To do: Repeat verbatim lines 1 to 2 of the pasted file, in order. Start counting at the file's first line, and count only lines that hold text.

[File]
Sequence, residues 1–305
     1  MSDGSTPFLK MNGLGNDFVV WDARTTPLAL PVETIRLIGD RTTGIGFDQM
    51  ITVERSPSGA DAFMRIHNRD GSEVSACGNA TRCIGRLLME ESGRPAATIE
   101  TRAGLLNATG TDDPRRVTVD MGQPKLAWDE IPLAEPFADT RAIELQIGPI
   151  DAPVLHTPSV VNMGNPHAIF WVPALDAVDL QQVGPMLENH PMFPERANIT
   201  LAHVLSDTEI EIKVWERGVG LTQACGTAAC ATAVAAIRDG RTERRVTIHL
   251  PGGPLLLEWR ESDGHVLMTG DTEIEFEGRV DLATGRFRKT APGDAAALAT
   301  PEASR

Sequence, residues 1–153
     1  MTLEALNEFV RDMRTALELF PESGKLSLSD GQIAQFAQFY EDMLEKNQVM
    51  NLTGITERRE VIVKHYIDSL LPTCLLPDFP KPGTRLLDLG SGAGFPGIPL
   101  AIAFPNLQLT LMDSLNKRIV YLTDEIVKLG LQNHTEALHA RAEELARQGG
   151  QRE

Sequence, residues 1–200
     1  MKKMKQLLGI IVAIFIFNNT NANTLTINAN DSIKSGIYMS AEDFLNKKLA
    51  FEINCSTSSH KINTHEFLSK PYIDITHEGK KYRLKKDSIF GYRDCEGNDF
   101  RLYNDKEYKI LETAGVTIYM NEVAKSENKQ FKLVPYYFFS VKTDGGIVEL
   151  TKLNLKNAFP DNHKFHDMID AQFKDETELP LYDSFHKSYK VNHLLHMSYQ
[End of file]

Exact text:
Sequence, residues 1–305
     1  MSDGSTPFLK MNGLGNDFVV WDARTTPLAL PVETIRLIGD RTTGIGFDQM